Andharban Jungle - One Hell Of A Trek
Updated: Dec 12, 2019
Andharban, by it’s name means a dark dense forest. It is a descend trek, where you are already on height and you will descending till end. It is one of the most beautiful trek and lots of things to explore. Andharban is best to go during monsoon.
Andharban is open all day. In fact, people sometimes treat this as a night trek as well, the only extra precaution being that they need to carry torches and be extra careful to the trail. However, for someone going for the first time, it is always recommended that they trek during the day, as it is easier to lose your way after nightfall, and one small wrong turn could mean that you wander into the Kundalika Valley. It is best to depart for Andharban early in the morning, timing the journey so as to reach the start point latest by 7 am.
The start point of the trek is about 200 metres away from Pimpri village, at a location called Independence point near the Pimpri Dam. There is no specific marking for the start point, but the trail is clearly visible. You can ask nearby villagers for directions if needed. A path winds through a broken chain-link fence. Here, trekkers need to pay a fee before embarking on the trek. There is no permanent counter as such, just a temporary shelter, but the fee is legitimate, and trekkers get a formal receipt acknowledging the charge paid.
The trail essentially maps a shallow U-shaped turn around the backwaters of the Bhira Dam, in the Kundalika Valley. In spite of being a continuous drop, the extreme humidity and slippery route make it slightly tough. It takes around 6-7 hours to cover the trail.
The trail runs completely through a dense jungle and is far from any human habitation. Make sure you carry light snacks, and enough water to last (at least 3 litres) as there are no sources of drinkable water along the route.
The start of Andharban - The undergrowth slowly begins to grow dense as we go in deeper, although it is still easy to navigate. Through the course of the trek, we encounter three major streams of rivers, the first of which is reached at the end of this path, after about an hour’s walking. This can sometimes be turbulent during the monsoons, and might need ropes to cross it with.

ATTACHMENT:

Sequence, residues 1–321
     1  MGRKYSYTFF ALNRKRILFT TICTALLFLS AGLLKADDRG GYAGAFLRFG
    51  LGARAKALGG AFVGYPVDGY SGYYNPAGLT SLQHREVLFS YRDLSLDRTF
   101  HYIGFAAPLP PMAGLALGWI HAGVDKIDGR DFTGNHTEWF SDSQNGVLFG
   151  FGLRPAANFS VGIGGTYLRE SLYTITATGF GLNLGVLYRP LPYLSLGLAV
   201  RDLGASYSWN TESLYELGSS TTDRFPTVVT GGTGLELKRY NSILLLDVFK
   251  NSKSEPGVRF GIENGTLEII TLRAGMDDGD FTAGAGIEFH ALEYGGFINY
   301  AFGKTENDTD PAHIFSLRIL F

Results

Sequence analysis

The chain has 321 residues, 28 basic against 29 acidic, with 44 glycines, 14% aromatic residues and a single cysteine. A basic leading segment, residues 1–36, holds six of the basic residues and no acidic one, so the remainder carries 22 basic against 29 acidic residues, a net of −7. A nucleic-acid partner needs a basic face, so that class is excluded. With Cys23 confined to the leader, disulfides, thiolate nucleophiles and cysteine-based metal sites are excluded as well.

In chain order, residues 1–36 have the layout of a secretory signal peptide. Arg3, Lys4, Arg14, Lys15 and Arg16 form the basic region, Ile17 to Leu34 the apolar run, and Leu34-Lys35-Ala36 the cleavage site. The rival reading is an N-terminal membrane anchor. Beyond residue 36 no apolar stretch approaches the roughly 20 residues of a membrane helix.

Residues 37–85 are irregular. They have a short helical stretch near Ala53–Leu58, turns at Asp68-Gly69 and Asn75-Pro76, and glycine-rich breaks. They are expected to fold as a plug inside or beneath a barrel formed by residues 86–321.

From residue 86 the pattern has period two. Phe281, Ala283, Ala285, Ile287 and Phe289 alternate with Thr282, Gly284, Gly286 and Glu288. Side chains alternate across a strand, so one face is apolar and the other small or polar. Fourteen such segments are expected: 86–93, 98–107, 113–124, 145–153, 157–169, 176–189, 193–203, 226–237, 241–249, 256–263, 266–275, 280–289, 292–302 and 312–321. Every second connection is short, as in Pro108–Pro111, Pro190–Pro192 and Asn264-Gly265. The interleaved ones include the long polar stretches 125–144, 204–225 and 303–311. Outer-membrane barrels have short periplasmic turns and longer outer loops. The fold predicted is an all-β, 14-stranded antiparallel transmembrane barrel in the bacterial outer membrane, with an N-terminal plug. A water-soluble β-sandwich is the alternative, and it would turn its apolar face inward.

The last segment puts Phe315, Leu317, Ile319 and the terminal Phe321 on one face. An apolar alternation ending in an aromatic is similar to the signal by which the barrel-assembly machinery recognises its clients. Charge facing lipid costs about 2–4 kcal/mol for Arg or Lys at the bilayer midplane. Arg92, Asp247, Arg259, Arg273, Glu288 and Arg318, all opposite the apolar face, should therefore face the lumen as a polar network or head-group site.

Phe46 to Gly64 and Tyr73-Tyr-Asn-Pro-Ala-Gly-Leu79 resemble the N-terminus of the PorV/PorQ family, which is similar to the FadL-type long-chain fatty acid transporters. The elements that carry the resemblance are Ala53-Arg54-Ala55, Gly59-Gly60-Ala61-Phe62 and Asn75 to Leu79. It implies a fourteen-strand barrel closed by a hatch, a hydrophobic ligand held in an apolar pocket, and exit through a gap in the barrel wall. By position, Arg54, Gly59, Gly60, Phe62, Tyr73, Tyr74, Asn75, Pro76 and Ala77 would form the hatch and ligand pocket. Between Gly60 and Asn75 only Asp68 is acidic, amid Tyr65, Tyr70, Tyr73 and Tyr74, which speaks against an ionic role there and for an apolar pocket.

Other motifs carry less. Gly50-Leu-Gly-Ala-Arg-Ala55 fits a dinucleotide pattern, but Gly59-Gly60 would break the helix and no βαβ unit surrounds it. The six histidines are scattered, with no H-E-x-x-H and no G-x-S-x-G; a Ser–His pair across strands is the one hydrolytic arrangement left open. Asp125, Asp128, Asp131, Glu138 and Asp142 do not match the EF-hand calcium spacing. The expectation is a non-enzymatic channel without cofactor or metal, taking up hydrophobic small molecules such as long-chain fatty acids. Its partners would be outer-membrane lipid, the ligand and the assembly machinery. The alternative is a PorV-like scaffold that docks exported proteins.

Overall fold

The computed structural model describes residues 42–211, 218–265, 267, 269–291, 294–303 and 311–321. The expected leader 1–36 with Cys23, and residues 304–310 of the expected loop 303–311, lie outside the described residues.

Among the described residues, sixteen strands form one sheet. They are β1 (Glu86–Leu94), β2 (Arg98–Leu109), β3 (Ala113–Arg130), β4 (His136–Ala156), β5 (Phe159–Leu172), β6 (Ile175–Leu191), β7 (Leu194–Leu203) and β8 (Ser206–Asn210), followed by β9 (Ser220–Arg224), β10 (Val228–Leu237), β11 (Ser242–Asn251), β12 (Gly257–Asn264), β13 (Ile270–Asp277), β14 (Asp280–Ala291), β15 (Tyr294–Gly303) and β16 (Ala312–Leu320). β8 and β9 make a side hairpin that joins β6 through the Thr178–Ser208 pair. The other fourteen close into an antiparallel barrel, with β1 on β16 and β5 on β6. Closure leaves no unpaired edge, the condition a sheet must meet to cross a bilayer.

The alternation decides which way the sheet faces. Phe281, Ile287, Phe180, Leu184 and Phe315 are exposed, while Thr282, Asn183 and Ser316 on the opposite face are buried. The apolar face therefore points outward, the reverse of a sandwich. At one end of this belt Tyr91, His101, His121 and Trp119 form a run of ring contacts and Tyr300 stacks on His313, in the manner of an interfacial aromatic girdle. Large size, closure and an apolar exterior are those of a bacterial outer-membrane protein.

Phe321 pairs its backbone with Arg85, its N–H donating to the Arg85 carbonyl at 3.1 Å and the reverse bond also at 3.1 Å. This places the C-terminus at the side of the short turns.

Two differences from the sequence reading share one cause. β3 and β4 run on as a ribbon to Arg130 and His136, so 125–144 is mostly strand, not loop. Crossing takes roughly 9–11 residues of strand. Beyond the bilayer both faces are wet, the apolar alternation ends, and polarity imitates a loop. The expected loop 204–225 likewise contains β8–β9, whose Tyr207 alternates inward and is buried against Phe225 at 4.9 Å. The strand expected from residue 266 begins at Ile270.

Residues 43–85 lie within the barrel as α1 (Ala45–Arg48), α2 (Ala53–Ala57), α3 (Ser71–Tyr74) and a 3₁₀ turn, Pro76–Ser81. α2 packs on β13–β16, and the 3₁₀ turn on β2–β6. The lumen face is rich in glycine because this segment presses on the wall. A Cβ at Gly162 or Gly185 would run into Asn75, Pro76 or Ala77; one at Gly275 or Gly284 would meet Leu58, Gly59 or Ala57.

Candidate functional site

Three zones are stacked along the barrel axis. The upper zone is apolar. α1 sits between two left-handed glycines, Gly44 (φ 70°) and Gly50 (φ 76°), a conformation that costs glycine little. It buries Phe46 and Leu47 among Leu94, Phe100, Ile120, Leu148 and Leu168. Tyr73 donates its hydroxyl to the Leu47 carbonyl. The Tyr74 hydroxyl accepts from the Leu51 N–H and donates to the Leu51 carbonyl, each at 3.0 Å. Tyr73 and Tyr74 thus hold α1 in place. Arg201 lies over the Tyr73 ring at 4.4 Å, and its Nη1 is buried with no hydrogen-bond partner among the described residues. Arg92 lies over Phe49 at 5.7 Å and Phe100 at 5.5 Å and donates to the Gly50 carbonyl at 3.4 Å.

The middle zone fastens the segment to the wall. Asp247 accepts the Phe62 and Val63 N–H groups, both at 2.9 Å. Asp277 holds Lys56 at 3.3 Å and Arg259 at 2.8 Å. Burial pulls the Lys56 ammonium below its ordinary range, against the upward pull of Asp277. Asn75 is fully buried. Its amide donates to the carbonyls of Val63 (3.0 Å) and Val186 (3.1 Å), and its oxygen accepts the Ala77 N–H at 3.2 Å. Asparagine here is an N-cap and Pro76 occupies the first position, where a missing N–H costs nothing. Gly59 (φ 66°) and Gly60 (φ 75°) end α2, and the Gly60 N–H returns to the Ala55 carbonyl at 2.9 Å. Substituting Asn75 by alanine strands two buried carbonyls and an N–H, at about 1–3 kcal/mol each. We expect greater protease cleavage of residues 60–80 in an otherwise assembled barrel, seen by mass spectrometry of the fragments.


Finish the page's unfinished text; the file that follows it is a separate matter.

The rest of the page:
The trail picks up on the opposite bank, and continues for almost 1.5 km of a flat walk through a winding route before reaching another rivulet, after a sharp U-bend. This rivulet too tends to overflow. After a slight ascent up into the hills the trail winds into a dark forest, and it is here that Andharban truly begins.
Although the forest can get quite dark, especially due to the presence of fog during the rains, the trail throughout is very clearly visible, with little chance of going awry. Trekkers should watch out for leeches. We suggest you wear full-sleeved/length clothes. There are markers set by previous travelers to mark paths to avoid.
The walk through the dense forest is one of a very gradual descent. It continues for almost three kilometres before it climbing a small hill. Here, it opens into a wide open plateau-like space. Plus Valley to the left provides a wonderful view. This is a good place to set up a temporary camp and lunch. Alternately, one could walk 5 more minutes to get to Hirdi, a small village nearby. Hirdi does not have too many options for dining, although bathroom facilities can be availed of here.
From Hirdi, the road turns right, and leads downwards into the valley. A gradual descent begins here. The easiest way to spot the route is that there are several slippery round stones marking the trail. This descent continues for almost 2 km. The trail then opens into a wide plateau.